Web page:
Recently a friend sent me a link to an episode of John Lienhard’s radio program “Engines of Our Ingenuity” on which he addressed the topic of decisiveness. While Lienhard is an engineer, his thoughts struck me as pertinent to the realms of faith and religion.
He began by reviewing an experiment that showed that once we have decided how something is (whether that is a concept, a thing, or how something works), we react to contrary information in one of two ways. Some of us will change our minds to acknowledge what is new. Others of us, however, will dig our heels in and cling fiercely to our initial understanding. No matter how many times we are exposed to that which contradicts what we have already decided is so, we will not budge. Because we are decisive, we will live with the discomfort of cognitive dissonance created by our refusal to change.
In a world with innumerable choices about so many things, decisiveness seems like it would be a good thing. Without the ability to cease considering our options we could become interminably bogged down in a never-ending process of weighing and sorting. Being open to new ideas and new discoveries, however, is what positions us for expanded knowledge, deeper understanding, a more thorough and authentic engagement with the world. That’s obviously true for engineering, for research, for science of all kinds, but is it true in the realm of religion? Should it be?
For many folks who claim Christianity, they know that what they have been taught is the only (and true) way to understand the Faith. They resist engaging with anything that might draw them to question (God forbid) the Bible as Mrs. Jones spoon-fed it to them in Sunday School when they were children. Questions lead only to a loss of faith, or worse yet, heresy.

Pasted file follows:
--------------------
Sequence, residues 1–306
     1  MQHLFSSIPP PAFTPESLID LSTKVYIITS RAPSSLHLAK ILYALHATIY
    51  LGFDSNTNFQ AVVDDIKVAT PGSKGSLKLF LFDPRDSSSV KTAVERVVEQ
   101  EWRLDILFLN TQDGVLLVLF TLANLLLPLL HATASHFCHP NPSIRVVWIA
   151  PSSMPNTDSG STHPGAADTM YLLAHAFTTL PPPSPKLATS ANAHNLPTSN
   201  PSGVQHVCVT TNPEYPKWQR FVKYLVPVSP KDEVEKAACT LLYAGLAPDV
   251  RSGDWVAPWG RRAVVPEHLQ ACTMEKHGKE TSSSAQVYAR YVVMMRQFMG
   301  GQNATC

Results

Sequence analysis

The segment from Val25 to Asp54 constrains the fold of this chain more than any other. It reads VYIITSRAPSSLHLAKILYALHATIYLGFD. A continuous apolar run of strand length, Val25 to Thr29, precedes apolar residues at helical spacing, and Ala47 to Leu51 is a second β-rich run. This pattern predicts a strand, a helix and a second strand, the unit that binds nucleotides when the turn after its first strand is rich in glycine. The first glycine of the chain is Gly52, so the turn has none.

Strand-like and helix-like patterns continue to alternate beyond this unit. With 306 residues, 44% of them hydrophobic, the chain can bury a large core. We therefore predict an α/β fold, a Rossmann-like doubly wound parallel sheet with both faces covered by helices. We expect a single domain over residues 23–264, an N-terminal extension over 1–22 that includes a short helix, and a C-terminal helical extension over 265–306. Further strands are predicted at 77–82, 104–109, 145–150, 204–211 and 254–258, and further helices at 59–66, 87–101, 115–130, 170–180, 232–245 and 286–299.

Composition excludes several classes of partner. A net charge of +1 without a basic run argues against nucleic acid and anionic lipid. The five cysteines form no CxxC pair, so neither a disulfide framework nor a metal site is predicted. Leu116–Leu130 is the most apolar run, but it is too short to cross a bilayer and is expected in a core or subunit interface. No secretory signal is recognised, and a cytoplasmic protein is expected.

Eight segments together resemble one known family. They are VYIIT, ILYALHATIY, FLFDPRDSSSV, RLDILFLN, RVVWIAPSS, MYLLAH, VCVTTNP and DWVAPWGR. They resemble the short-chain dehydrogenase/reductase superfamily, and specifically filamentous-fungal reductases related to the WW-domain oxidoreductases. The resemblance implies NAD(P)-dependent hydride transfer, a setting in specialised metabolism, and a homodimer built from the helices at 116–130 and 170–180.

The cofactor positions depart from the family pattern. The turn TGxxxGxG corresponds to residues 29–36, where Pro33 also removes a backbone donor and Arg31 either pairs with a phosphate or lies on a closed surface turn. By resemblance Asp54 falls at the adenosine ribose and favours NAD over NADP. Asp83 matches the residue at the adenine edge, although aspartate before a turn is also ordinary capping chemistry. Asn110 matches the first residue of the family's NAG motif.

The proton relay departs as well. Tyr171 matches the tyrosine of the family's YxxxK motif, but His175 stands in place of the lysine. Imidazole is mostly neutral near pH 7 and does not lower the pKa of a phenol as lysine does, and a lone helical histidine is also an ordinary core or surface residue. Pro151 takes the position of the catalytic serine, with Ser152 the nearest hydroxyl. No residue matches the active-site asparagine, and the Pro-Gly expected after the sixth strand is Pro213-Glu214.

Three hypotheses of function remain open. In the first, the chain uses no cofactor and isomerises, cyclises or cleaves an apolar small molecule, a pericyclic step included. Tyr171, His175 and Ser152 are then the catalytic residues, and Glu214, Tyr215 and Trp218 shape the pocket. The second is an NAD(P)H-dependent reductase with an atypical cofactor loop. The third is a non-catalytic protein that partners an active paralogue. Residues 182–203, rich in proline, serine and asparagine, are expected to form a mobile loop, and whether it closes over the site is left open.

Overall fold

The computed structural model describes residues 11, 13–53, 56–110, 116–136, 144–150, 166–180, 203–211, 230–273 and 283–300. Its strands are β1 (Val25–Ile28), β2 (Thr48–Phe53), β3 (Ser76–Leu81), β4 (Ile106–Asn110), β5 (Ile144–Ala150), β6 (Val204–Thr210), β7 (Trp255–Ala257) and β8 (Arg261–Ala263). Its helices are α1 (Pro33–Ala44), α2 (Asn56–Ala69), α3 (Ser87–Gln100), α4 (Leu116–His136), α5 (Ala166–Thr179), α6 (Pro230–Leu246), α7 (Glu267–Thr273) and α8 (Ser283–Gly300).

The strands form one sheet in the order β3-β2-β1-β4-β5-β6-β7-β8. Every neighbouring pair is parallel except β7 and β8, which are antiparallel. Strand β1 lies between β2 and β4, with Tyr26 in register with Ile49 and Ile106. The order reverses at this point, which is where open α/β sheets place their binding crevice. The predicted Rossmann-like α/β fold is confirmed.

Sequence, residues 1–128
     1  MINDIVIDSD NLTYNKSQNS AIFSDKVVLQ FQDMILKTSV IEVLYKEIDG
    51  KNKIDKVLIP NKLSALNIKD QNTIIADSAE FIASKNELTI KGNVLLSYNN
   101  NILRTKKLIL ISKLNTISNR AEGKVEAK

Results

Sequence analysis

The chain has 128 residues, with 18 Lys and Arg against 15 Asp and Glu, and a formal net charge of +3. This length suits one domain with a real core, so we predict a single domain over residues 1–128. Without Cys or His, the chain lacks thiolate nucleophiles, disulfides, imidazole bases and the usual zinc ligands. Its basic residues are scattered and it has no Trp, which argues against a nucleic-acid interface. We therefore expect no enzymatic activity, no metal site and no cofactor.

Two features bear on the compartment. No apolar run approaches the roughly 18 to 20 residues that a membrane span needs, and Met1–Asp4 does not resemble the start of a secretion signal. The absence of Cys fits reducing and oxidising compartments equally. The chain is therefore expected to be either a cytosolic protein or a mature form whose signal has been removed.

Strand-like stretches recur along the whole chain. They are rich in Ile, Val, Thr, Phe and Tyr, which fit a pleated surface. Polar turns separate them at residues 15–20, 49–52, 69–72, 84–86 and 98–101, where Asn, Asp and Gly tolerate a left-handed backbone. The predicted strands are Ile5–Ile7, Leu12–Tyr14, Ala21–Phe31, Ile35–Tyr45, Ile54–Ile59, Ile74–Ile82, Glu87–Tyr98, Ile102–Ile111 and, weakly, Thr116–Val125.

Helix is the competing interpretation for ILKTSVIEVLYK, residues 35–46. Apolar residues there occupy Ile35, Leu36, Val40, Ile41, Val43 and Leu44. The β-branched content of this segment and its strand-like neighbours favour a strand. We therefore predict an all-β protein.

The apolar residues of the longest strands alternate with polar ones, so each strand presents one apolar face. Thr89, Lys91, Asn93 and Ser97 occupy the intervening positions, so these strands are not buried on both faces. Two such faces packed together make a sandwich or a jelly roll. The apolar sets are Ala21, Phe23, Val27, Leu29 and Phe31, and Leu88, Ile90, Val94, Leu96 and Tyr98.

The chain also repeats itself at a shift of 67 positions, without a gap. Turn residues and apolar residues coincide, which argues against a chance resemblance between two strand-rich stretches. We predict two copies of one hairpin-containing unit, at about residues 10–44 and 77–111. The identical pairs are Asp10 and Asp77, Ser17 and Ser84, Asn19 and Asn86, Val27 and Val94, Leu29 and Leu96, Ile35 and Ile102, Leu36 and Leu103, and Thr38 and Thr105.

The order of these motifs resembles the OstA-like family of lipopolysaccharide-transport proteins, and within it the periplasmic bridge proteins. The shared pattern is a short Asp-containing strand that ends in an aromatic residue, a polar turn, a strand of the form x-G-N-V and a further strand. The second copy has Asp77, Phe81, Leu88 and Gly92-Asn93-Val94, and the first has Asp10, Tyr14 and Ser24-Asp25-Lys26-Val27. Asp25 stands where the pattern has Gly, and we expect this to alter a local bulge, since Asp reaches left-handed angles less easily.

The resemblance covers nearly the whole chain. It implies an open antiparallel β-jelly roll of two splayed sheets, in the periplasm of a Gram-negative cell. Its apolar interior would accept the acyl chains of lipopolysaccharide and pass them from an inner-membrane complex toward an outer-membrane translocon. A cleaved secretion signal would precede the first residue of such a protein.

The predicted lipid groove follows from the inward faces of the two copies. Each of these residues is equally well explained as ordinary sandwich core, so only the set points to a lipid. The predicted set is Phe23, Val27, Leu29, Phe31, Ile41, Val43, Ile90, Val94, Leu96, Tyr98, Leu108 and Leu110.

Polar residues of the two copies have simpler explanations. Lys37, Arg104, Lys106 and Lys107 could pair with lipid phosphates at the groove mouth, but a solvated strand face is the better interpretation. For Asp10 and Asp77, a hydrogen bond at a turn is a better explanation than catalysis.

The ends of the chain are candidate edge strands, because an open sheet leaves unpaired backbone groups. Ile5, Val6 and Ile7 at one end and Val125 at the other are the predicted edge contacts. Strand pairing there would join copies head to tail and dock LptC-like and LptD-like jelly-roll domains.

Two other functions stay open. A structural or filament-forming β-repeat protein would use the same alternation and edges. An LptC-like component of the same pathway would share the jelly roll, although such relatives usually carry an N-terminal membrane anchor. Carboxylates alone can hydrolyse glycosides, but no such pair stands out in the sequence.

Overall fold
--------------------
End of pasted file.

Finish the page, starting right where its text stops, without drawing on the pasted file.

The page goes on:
But that is not how it is with all Christians. Some of us recognize that there is not just one faithful way to understand Jesus. History (and the Bible itself) tells us that since Jesus’ earliest followers gathered in small communities there have been questions about him and different answers to those questions. In the same way scientific understanding has developed, so has theological understanding. New information is discovered. It is tested for authenticity. It is either discarded or embraced. And for a time, it is how we understand things. Then the process begins all over. In our day, these new understandings have come from archaeology, the study of linguistics, comparative religion, history and anthropology.
Christianity has never been a single entity. There have always been faithful Christians spread along a wide continuum of understanding. What has defined where they are on that spectrum has been, one might say, how open to indecision they have been. Those who were locked into a decisive embrace of the Bible as the literal word of God have been at one end. Those who have not reached for certainty in their engagement with Biblical scripture have been at the other end.
Today is no different. No matter where Christians are on that spectrum, though, they all are gathered around the person of Jesus. What that means for them depends on how decisive they feel the need to be. Lienhard says, “The fact is, we never need to make decisions. What we need to do is to take action.”
With all due respect to our sisters and brothers for whom “making a decision for Christ” is fundamental to their Christian identity, in a pluralistic world where enmity is so often driven by entrenched religiosity, I will take my stand with the undecided and will be about the active work of living, as best I can, like Jesus.
Leigh Waggoner is priest at St. Barnabas Episcopal Church. She can be reached at 565-7865, or firstname.lastname@example.org.